Reducing premature KCC2 expression rescues seizure susceptibility and spine morphology in atypical febrile seizures
Awad PN, Sanon NT, Chattopadhyaya B, Carriço JN, Ouardouz M, Gagné J, Duss S, Wolf D, Desgent S, Cancedda L, Carmant L, Di Cristo G
Contributed by Sloka Iyengar
Neurobiology of Disease, 91:10-20. July 2016 doi: 10.1016/j.nbd.2016.02.014. Epub 2016 Feb 10.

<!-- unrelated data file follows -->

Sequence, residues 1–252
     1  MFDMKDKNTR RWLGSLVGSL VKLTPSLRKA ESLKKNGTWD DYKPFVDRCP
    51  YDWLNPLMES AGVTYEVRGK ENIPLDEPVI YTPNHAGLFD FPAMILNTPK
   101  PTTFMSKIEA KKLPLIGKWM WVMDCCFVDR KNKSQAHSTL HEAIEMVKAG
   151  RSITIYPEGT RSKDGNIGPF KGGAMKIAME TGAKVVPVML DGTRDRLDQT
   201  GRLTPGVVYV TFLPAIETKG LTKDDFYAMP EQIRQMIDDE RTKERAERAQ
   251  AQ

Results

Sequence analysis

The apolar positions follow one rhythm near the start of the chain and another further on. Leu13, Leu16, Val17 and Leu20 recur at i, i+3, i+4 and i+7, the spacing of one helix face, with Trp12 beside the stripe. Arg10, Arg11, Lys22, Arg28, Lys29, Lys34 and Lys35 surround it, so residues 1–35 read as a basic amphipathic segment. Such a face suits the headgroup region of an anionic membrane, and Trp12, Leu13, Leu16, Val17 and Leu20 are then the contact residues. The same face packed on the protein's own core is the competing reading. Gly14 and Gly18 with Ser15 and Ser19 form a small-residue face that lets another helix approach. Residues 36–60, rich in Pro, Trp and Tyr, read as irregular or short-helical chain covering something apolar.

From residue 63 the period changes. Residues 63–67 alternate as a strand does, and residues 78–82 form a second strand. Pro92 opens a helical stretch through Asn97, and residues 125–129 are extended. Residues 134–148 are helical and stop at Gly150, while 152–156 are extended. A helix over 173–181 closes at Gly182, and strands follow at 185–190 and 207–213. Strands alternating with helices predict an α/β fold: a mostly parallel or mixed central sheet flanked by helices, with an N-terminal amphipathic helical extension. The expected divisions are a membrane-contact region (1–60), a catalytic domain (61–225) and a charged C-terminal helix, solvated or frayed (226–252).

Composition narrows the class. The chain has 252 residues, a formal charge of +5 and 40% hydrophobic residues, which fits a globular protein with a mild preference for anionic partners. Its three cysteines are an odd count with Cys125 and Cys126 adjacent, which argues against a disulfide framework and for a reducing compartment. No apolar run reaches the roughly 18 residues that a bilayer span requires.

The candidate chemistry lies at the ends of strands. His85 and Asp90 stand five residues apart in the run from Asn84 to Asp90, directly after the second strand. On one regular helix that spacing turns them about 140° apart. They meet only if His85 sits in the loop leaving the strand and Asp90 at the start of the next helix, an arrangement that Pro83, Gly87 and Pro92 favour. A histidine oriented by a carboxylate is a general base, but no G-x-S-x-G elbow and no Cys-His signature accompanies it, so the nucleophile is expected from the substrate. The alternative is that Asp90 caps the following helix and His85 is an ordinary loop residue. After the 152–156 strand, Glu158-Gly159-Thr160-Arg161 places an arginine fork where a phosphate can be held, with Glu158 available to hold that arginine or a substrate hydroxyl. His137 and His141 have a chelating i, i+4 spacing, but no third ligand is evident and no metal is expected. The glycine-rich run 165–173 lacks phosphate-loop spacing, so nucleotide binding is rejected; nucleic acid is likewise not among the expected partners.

Atypical febrile seizures are lateralized, prolonged and numerous; and can be a risk factor for epilepsy later in life. The link between cortical malformations, febrile seizures and epilepsy has been suggested, but the underlying mechanism isn’t fully understood. In this study, the scientists used a rat model (“LHS rats”) where cortical dysplasia and hyperthermia-induced seizures eventually lead to epilepsy and associated neurological sequelae. Given the role of KCC2 in GABAergic neurotransmission, they looked at expression and function of KCC2 in LHS rats. They found an increase in levels of KCC2 protein in these rats, a reduction in number of dendritic spines and abnormal dendritic maturation in area CA1 of the hippocampus. Reducing KCC2 protein expression using in-utero electroporation of shRNA reduced seizure number and corrected deficits in dendritic spines. Hence, alterations in KCC2 may be a common link between cortical dysplasia, febrile seizures and epilepsy.
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